30 Quality and Robbed Bits The 6 th frame missing a bit degrades quality T1 can send Large frames of 193 bits at a time T1 Frame bit is in the first bit in DS0 24 T1 has two framing types: – Super framing (SF): sends 12 T1 frames at a time – Extended superframes (ESF): send 24 T1 frames at a time F6, F12 and F18, F24 (frames referenced as “A,B,C,D”)

31 CAS in an E1 Environment CAS has dedicated frames and signaling in separate channels CAS E1 has 32 channels Ch1 – dedicated to framing Ch17 – dedicated to signaling Chs and are dedicated to voice E1 is contra-intuitive ; called CAS since each time a slot is signaled it matches to a voice channel It is compatible with T1 CAS (has the same ABCD signaling format

32 Bundling Channels Together on a T1 and E1 Connection CCS (Common Channel Signaling) is simpler than CAS CCS dedicates a signaling channel on T1 and E1 Allows for the use of a signal protocol rather than just four bits of signaling per channel – Allows for more clmplex signaling messages – Allows for proprietary signaling messages – Most common signaling protocol is ISDN’s Q.931 – Other signaling protocols exist such as SS7 Signaling Channel: – T1 signaling channel 24 – E1 signaling channel 17

33 What Did We Learn? Multiple Calls on a single Pair of Wires Solve the wiring problem: TDM Understand T1, E1, and CAS specifications Understand T1, E1, and CCS specifications

34 PSTN Components of the PSN Difference between PBX and Key Systems PSTN Numbering Plans

35

36 PSTN Components Analog telephone Local loop Central Office (CO) Trunks (SS7) Trunks (CAS) PBX Digital Phones

37 Trunks

38 Which of the following is not a PSTN component 1.Analog telephone 2.PBX 3.CAS Trunks 4.Router 5.SS7 Trunks 6.Central office 7.Local loop

39 Offices PBX and Key Systems – Typical digital PSTN connection (T1 & E1) – Provide each user unique extension number – Support a large number of features Key Systems – Typically Analog PSTN connection – Users share lines between phones – Support smaller number of features

40 PSTN Dialing Plan PSTN number plan managed under ITU-T E-164 standard Country National description code Subscriber number North American Numbering Plan (NANP) Country code Area code Central office code Subscriber code (NANP)

41 Country code - Area code - Central office code - Subscriber code This numbering plan represents 1.E NANP 3.Both 4.None of the above

42 What Did We Learn? Components of the PSN Difference between PBX and Key Systems PSTN Numbering Plans

43 Cisco Components of the Voice Networks Cisco infrastructure model Cisco Call Processing Cisco applications options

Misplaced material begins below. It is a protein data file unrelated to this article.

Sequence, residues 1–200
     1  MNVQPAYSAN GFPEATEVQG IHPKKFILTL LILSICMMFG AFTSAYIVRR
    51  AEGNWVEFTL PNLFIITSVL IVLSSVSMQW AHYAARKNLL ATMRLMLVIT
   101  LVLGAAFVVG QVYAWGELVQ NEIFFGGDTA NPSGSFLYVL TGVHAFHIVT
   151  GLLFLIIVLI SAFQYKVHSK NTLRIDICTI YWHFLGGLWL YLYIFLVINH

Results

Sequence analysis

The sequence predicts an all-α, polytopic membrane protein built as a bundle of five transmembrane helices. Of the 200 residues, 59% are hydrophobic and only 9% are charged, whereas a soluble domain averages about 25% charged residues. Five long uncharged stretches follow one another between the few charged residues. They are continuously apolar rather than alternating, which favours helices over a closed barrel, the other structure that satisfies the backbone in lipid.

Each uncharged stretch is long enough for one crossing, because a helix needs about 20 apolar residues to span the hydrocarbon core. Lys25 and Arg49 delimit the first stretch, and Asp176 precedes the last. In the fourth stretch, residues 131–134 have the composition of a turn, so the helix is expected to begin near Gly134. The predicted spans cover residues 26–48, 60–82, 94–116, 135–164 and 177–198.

44 The Infrastructure Model

45 Call Processing: UC500 Supports 8 to 48 IP phones Integrated Voice main and Auto-attendant External MOH FX0 modules for external Analog phones FX1 modules for analog phone connections Routing/NAT support support VPN support Opt wireless

46 Step above UC500 – CME Supports more features than UC500 Voice mail support added through (CUE) Cisco Unity Express Runs on Cisco ISRs Mostly CLI configuring

47 Infrastructure Parts 1.End Points 2.Hardware 3.Applications 4.Infrastructure 5.Call processing

48 Cisco Routers CiscoMax IP phonesMax SIP phones :

49 Business Edition Provide scalability to 500 IP phones Combines three applications into one – CCM (Cisco Communications Manager) – Cisco Unity Communications – Cisco Unified mobility Fantastic but NO REDUNDANCY

50 Full Blown Call Manager (CUCM) Scales to 60,000 IP phones per cluster Multi-server redundancy Multi-site support $$$

51 Applications Cisco Unity Express up to 100 users – Network module (NM) an advan integration module (AIM) – Lenix based, IVR, Voic from , WEB, phone Cisco Unity Connection up to 500 users – 7500 users with dedicated servers – Advanced call routing rules – NO redundancy Cisco Unity (7500 users per server) – Integrated with Microsoft Exchange, lotus notes, Novell Groupwise – Redundant multiple servers

52 Other Applications IVR (Integrated Voice Response) Unified Contact Center Express Unified Meeting Plan Unified Mobility Emergency Responders

53 What is the problem with a UC500 1.No unified mobility 2.No analog phone support 3.No redundancy 4.No unified communications

54 What Did We Learn? Components of the PSN Difference between PBX and Key Systems PSTN Numbering Plans

55 The End